CENTENNIAL CHRONICLE. 1905 article on “Uncle Dick Flynn.” CLOUDS OF WAR. When the first gun boomed over the head of Major Anderson at Fort Sumter, he felt that the doctrine of Jefferson had been violated. “He stood not on the order of his going, but went.”

He at once espoused the Constitutional Union party, holding that all the states should have free and equal rights; but the ways to secure them, was to remain inside of the Federal Compact. He at once threw himself physically, mentally and financially into the cause of the Union of all the states. Believing in the advice of Washington, “United we stand, divided we fall.” 

GREAT PILOT AND SCOUT. He has been a great hunter all his life, never was excelled by anyone, except Nimrod, the founder of Nineveh, where a man by the name of Jonah was told to go and preach, and because he went another way he got into trouble with a big fish. Uncle Dick knew all the country from Chattanooga to the Kentucky line, the darkest night that came. 

When the conscript act was being put in force by the Confederacy, he conceived the 'underground' railroad in order to assist union refugees from north Georgia and Alabama and the country around Chattanooga, Cleveland, and Athens, in getting through the Confederate lines. Now, the modus operandi was this: A, B, C, and D, residing at Chattanooga, wanting to reach the Federal lines in Kentucky, steal a canoe and cross the Tennessee river at night, and go to the house of Peter Thundergudgeon on Walden's ridge.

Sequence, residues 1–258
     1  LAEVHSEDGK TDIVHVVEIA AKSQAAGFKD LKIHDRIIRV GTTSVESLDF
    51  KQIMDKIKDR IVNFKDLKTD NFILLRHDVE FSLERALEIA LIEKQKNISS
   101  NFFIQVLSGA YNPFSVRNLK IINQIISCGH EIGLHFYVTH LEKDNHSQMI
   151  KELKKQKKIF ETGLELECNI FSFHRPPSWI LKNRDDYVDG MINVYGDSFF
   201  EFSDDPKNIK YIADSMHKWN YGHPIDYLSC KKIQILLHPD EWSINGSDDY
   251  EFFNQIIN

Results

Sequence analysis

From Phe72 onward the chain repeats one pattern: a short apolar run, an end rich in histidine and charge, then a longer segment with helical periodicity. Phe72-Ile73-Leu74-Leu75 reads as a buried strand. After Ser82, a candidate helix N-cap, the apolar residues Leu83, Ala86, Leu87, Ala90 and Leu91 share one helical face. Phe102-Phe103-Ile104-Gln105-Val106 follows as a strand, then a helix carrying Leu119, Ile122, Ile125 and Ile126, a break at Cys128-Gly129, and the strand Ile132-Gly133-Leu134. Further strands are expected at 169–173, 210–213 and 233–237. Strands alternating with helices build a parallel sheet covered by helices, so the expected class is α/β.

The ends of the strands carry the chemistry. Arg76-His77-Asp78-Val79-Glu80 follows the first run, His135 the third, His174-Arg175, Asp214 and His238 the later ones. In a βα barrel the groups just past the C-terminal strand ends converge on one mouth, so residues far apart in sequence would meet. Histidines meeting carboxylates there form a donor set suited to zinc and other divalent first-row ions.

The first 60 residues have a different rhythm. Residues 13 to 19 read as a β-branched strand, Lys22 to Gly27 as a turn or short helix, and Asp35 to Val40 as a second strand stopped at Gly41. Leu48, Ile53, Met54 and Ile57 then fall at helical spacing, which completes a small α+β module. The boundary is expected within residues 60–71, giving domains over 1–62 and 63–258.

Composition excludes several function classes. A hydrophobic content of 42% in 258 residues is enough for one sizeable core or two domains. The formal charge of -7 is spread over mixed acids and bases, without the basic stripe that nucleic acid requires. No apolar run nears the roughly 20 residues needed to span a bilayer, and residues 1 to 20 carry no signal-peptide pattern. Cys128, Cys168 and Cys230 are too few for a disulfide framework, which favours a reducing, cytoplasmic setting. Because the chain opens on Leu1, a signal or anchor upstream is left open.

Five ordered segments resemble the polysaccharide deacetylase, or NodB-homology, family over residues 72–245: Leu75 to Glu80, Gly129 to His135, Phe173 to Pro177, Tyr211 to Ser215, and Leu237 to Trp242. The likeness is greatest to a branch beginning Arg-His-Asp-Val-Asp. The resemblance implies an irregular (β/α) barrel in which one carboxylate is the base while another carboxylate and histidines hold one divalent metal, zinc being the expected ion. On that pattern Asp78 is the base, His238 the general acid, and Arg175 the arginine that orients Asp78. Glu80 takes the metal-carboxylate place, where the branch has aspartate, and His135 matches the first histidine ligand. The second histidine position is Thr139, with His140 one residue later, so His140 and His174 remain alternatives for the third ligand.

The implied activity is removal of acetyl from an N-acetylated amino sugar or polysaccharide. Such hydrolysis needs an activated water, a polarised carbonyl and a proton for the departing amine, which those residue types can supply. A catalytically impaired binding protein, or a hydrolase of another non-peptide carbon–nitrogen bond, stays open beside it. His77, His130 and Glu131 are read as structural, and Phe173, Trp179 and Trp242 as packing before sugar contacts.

Peter is a conductor on Uncle Dick's road. Peter gives all the signs and pass words sufficient for the journey, he then raises steam, and calls out, “All aboard for Y C. Sniprips,” which is the next station in Sequatchie valley. After good Mrs. Sniprip has provided food for the refugees, Conductor Sniprip calls “All aboard for Red Fox Station on Big Laurel Creek, in the Third district.”

It would sometimes happen that the Red Fox, as Uncle Dick was called, would be gone to Kentucky with a train load of men, and under such circumstances, the refugees would give the signs and passwords to his son, W. L. Flynn, who would feed them until the return of the Red Fox. Next night he would shoulder his rifle, called “Old Hickory,” and call out, “All aboard for Possum Creek, Kentucky,” which station was inside the Federal lines.

Uncle Dick is of Celtic extraction and is possessed of all the good traits, of that nationality, being broad minded and conservative in all things.

HABITS OF LIFE. He was never intoxicated, never used profane or obscene language, is of a kind and communicative disposition, attends church and Sabbath school regularly, visits the sick, helps the needy contributes liberally to the church and his fellow man in need. He is the father of nine children five of whom are dead. Four sons, Capt. A. L. Flynn, T. S. and P. S. Flynn. This is history and is written that others may emulate the patriotism and virtues of this grand and noble couple. April 19, 905.